Why is there a homeownership affordability issue in Vancouver? The answer is simple: the market is under supplied for the demand, which pushes prices up, while at the same time the median income of the average Vancouverite is the lowest of all the major Canadian cities
Homeownership Price/Average Income = Affordability Ratio
Three Ways to Increase Supply:
Increasing supply is the area where currently most of the solution conversation is focused. Here are three ideas to consider:
- Rapid transit – the supply of housing is increased exponentially by providing excellent rapid transit to the suburbs and throughout different areas of the city. The “No” vote in 2015 transit expansion plebiscite has largely been cited as a vote of non-confidence in leadership and management as opposed to expanded rapid transit. Effective transit can significantly increase the housing supply.
- Multi-unit incentives – The local government planning departments should provide people with incentives to augment their current single family homes into multi-units. This has started with laneway housing and legal suites, however getting building permits and meeting ever changing development parameters makes this a frustrating, long, and costly process. Let’s figure out how to best enable more multi-units.
- Three-bedroom development quotas – The elusive three-bedroom condo is increasingly hard to find in Vancouver. Perhaps local government could require increased quota of three-bedroom units in each large development projects.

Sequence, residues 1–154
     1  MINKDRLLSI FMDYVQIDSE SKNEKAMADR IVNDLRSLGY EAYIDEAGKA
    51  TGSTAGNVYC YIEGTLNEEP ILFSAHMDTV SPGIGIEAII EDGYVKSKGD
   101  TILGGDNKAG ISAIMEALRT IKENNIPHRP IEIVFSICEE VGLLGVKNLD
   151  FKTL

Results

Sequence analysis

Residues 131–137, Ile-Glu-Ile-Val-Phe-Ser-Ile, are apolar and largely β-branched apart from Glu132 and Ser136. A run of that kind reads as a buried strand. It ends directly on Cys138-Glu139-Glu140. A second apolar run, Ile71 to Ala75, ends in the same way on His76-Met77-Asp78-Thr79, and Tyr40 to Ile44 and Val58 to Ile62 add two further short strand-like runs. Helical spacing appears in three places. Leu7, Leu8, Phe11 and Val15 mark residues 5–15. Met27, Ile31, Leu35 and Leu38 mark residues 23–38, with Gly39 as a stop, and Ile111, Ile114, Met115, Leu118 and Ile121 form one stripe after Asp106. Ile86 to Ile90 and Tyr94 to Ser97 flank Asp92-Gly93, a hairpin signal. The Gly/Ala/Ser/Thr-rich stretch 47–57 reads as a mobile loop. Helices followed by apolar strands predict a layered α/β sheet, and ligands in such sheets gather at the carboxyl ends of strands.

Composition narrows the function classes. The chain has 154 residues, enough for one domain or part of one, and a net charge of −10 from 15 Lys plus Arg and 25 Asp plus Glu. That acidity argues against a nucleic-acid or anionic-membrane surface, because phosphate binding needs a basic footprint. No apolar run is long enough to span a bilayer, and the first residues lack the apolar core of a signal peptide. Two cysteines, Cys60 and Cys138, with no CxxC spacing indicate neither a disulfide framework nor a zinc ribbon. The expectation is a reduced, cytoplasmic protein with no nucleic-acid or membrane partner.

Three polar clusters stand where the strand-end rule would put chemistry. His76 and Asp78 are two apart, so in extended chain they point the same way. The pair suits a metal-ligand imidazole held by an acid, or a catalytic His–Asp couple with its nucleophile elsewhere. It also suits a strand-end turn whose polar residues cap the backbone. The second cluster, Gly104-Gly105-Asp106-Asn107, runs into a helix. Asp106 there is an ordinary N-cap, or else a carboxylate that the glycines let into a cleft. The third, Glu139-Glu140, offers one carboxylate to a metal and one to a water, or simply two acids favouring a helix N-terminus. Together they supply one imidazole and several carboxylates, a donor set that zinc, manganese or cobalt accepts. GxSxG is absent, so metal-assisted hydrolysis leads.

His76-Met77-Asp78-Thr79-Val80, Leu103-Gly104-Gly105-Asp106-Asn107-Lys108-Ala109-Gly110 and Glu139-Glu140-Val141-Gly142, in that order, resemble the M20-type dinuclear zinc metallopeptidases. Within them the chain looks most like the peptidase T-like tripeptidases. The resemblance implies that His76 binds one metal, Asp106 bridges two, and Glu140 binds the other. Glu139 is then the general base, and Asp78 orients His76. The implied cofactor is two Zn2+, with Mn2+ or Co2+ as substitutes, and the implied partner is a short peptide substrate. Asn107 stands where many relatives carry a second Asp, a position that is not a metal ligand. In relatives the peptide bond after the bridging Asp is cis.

One Way to Reduce Demand:
Most of this conversation revolves around limiting foreign investment with taxation. Here is another idea that may curb the demand from the foreign investor.
To begin, it is important to understand what the foreign investor is looking for and then remove or limit any incentives to it.
The current market puts a high value on a single family home that can be torn down and replaced with another single family home. Currently, in Vancouver it is much easier to tear down a house than restore it. Any house, one built within the last 20 years or one with heritage status can and have been torn down. But what if all new builds of single family homes had different building restrictions on them and, as a result, became less attractive to tear down and more attractive to restore? For example, if you are building a new single family home the building permit process is a low priority compared to those restoring a home and/or converting a property to a multiunit such as adding a legal suite or laneway house. Funnily enough this seems to be more inline with Vancouver’s Green City goals. The greenest house is the one that exists even with its inefficiencies. This does not mean that some houses should not be demolished, however the pendulum has swung to a default position of tearing down and not restoring.
Two Ways to Increase Means:
This is the least talked about component of the affordability ratio and probably the one that needs the most attention because it is the least understood and requires the most strategic thinking. The question is how does the city of Vancouver attract businesses and industry that will pay a wage more in keeping with the cost of living or at least competitive with Toronto and Calgary?
- Increase Vancouver Head Offices - Continue to incent and grow businesses’ head office location/re-location to Vancouver. Vancouver has led Canadian cities in the growth of head offices from 49 in 2004 to 95 in 2014, an increase of 93.9% (https://www.biv.com/article/2014/10/vancouver-leads-nation-head-office-growth/)
- Partner with Industry Leaders - Work closely with current resident industry leaders, like Port of Vancouver and understand how the city of Vancouver can help them in their business plans.